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USDA Says What Is and Isn't Organic

Organic, Defined

Rules or No Rules, the Debate Rages On

Natalie is pleased that Uncle Sam has come up with uniform standards for organic foods. Even with the understanding that organic products may contain some pesticides, she still prefers the specialty items to the conventional ones.

"There has been some cancer, childhood autism, and Asperger's Syndrome in our family," she explains. "I just wonder if it might not be linked to all the preservatives [in regular products]."

Her concern strikes at the root of a longstanding dispute over whether eating organic is better for people and the environment.

Christine Bruhn, PhD, a food science expert with the Institute of Food Technologists, says at least 60% of consumers believe that organics are safer, more nutritious, and better for the environment. To her knowledge, however, there are no valid scientific data to back up those beliefs.

Yet, Ronnie Cummins, national director of the Organic Consumers Association, points to what he says are thousands of consumer reports showing that regular products have three to four times more pesticide residue compared with organic items. The pesticide use, he claims, is not only harmful to the soil used for crops, but dangerous for people. "Every fourth time a child reaches for a conventional apple in America," he says, "they're getting a level of pesticide residue that even the EPA finds troublesome."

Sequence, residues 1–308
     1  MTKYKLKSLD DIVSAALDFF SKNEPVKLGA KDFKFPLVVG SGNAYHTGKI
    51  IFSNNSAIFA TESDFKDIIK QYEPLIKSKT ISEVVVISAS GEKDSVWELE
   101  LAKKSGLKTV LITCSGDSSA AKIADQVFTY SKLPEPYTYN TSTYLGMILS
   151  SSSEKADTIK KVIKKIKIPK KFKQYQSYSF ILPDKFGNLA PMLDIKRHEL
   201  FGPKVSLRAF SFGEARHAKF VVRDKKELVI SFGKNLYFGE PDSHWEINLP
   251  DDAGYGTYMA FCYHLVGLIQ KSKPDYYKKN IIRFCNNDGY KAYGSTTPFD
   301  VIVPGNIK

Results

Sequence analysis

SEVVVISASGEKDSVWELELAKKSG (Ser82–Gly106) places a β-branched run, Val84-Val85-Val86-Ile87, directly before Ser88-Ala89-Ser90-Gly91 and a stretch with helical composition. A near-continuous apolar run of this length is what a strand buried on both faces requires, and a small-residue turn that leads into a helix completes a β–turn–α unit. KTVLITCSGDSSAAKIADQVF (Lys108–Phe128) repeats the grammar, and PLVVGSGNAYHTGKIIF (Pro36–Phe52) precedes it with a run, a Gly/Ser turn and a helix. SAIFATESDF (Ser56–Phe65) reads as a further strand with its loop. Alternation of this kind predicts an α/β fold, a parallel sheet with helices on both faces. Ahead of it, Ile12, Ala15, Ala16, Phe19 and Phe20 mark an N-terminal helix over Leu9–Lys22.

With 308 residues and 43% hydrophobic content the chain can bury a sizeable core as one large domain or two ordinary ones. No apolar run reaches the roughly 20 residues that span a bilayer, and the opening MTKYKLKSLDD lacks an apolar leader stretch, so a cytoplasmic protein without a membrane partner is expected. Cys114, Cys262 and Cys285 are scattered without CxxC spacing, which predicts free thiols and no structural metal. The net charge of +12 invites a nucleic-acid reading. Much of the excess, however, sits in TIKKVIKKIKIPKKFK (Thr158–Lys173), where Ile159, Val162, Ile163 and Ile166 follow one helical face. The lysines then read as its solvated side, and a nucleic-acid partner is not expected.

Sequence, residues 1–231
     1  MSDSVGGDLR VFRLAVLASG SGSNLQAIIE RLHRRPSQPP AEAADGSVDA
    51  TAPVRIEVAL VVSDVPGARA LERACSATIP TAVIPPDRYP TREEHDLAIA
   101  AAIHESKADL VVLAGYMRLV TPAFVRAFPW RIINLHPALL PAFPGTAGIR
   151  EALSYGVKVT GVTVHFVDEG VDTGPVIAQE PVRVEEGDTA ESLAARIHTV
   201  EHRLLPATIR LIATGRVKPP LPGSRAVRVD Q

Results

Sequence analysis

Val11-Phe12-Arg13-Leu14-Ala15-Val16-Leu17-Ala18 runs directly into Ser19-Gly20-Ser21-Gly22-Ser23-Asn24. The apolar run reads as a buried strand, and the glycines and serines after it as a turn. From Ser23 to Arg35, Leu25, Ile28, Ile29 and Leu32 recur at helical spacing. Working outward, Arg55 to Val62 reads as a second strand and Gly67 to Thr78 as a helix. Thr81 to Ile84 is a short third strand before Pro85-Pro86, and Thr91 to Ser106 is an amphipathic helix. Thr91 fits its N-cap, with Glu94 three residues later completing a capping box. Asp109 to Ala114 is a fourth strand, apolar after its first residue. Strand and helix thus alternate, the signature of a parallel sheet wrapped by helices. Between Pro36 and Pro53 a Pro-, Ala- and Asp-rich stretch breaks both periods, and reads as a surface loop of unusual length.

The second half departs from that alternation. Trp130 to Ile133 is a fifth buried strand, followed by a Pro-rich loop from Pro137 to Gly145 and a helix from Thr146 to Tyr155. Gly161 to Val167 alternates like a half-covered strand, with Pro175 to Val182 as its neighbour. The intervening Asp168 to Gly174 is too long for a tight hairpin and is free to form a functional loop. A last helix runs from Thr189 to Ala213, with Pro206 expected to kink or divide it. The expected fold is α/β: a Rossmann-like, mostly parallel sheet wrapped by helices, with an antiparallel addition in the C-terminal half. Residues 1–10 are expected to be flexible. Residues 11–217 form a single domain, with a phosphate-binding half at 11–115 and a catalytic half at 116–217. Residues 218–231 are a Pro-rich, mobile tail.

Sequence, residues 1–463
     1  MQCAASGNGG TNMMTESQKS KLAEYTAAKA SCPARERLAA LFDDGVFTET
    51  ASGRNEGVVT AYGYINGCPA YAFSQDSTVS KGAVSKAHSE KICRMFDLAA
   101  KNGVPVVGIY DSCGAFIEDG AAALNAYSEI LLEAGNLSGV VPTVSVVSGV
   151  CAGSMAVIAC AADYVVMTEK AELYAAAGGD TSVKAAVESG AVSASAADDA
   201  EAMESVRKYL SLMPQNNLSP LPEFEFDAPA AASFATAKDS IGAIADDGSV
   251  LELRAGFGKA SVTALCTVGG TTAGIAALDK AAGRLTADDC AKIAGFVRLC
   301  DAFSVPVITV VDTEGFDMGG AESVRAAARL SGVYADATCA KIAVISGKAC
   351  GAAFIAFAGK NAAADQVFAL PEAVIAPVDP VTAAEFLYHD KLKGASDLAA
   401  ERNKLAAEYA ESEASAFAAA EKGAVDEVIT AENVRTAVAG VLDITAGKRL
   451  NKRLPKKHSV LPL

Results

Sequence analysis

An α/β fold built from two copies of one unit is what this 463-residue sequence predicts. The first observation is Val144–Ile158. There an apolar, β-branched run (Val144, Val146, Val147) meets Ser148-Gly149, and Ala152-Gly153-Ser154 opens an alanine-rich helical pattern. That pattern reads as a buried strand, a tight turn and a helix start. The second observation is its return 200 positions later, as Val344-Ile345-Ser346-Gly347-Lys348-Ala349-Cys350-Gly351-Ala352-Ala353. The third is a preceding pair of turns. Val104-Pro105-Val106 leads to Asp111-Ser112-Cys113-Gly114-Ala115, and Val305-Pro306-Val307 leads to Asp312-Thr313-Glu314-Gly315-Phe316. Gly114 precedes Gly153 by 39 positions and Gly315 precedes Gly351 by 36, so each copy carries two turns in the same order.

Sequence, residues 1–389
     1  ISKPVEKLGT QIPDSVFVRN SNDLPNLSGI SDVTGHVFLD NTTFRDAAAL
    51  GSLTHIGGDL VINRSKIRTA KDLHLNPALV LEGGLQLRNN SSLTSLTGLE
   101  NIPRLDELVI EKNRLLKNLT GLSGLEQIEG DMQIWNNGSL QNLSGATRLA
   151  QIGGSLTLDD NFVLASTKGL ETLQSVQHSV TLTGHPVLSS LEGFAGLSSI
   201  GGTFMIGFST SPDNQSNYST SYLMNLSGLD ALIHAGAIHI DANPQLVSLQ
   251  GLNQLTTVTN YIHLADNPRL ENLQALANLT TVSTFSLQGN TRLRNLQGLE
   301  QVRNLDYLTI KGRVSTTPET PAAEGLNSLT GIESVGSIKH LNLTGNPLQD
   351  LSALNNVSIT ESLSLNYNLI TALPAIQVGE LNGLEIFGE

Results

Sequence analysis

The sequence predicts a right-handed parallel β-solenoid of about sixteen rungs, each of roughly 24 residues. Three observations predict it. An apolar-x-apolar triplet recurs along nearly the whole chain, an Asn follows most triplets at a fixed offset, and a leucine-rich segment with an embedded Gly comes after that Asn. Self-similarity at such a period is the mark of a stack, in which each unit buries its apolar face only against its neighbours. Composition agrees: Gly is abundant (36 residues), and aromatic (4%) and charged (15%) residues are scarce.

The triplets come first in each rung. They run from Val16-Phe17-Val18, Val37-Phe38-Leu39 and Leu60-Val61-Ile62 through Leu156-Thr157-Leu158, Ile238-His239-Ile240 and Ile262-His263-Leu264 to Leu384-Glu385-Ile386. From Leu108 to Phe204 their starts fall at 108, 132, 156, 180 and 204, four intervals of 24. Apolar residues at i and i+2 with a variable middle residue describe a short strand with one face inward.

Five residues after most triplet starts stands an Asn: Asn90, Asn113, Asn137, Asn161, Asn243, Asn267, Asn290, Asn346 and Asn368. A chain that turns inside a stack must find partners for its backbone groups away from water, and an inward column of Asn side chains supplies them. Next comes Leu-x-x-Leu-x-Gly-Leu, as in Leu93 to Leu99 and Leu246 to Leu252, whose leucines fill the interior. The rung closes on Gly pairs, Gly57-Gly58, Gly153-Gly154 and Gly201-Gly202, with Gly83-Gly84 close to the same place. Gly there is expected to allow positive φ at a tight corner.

Bruhn counters that organic foods can be produced using the same compounds as non-organic ones. The only difference, she says, is the source of the substance. "A particular chemical can be approved for organic if it is derived from a natural source," she explains. "That same chemical, when derived from a laboratory, is not approved. So how can one say that one is better for the environment than the other if the chemical is the same?"

Organic is merely a philosophy of growing something in partnership with nature, says Bruhn, adding that the new organic rule is good news for people who want to support that viewpoint.

On the other hand, Cummins says the current organic policies don't go far enough to address whether something is produced using fair labor and trade practices, or whether it is grown locally or regionally. "It's dangerous over time when you set minimum standards and you call them a ceiling," he says.

A full text of the government's national organic food standards can be found on the USDA Web site.

Reviewed on September 27, 2002

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